One particular takeaway in chapter four of CRT was related to building awareness and knowledge before making judgements. The author makes the case that teachers should widen their interpretation aperture when interacting with students. Aperture refers to the amount of light that is allowed in and out while taking pictures. Aperture is used instead of lens in this context. Widening that interpretation aperture takes time and a process is involved. The paraphrased process below is from the Mindful Reflection Protocol by Dray and Wisneski.


1.) The author discusses replaying student and teacher interactions in your mind.  That replay involves describing what’s seen. It can be challenging to replay conflicting interactions, but keep in mind that the replay is neutral – it’s stating the facts.

2.) Make assumptions and attempt to interpret the behaviors.  Teachers have to make so many decisions everyday and generally the interpretation falls into two categories:  intentional or non-intentional – positive or negative.  Behavior interpretation has the potential to be a sticky situation as it depends on the aperture of the teacher.

3.) The author suggests to offer alternative explanations.  What would a child behave in ____ way.  Do cultural norms or beliefs play a role in why the behavior happened?  How are directives given at home?  After reviewing the assumptions a couple times it’s time to check the explanation.  Explain the observation with other teachers.

4.) Hear from their perspective and check your explanation.  It might be helpful to go outside of your team to discuss this to receive alternative perspectives.  Here’s where it takes an extra effort to research and build more of an awareness of cross-cultural knowledge.  Trainings and PD can play a role with this.

5.) Make a plan of how to address similar behaviors and continue to review when you might be overgeneralizing situations.


Next week I’ll be reading about how to recognize common triggers and look at building learning partnership.  I’m also going to to be diving into chapter two of White Fragility.

 

 

Reflections on 2018-19

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It has been about a month since school let out and I’ve been enjoying the summer so far.  I’ve been reading, working on the lawn, painting and took a vacation.  During the last month I decided to focus my time on things not related to school work.  This balance of time tends to give me a better perspective when I do come back to working on items related to school.  Now I’m starting to see school supplies (already!) in stores and am looking back at how the school year went last year.  Every year I attempt to gather information about my students and how they perceived the school year as a whole.  I give a survey and use that information moving forward for the next year.  I decided to wait a bit over the summer to look over the results.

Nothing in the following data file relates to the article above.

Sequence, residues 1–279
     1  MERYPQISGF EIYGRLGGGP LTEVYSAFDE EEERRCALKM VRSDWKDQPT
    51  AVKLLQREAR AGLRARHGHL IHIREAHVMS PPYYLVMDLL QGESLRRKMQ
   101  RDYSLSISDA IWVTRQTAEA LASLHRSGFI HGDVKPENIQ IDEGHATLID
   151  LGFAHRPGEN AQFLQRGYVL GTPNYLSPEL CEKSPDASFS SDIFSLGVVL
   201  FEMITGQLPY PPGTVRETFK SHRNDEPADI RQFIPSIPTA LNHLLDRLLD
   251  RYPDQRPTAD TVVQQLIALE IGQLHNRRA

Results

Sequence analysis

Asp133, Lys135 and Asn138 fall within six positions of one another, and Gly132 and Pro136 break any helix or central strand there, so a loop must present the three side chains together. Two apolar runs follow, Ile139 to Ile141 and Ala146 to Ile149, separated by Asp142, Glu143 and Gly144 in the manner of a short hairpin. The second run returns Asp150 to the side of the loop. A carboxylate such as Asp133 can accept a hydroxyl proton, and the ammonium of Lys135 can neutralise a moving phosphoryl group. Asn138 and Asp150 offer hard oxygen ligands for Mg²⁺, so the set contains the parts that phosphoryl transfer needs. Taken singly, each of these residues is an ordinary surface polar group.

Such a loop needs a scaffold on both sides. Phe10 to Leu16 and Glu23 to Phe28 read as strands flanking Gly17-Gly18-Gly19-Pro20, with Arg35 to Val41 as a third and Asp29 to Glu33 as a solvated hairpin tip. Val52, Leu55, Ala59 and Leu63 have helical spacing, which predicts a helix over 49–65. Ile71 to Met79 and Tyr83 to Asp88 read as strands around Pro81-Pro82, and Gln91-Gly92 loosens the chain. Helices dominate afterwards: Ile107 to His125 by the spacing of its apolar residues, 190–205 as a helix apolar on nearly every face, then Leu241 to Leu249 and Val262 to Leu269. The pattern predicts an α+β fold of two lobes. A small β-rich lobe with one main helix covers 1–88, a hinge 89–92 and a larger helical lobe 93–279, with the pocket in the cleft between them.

Back in June I gave a survey to all of my students in 3-5th grade.  The survey was related to instruction models and preferences.  This year I intentionally varied my models throughout the year and didn’t stick with one particular tool for activities.  I started off the survey with a brief question about their favorite math topic this year.

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Before giving the survey I went into detail about each topic.  The purple is measurement and I’m not sure why it didn’t show up with my advanced table Gform add-on. The next question was related to why they felt this was their favorite topic. Here are a few responses:

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Next time I’m going to put a minimum character limit to extract more information.

The next section, which was the largest, was related to instruction models/activities. Students rated them (1-5) 1 being the least effective for learning and 5 being the most.  A brief explanation of the items is in each caption.

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Teacher gives prompt and students discuss as a group and share out responses to the class

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Used for retrieval practice – students used this individually and in groups of two

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Similar to Kahoot, but more self-paced – used to reinforce concepts

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Similar to Number Talks – prompt is displayed and class discusses concept

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Used  for notation on slides and showing student’s work to the entire class

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Used K-5 math for whole class or independent exploration of math concepts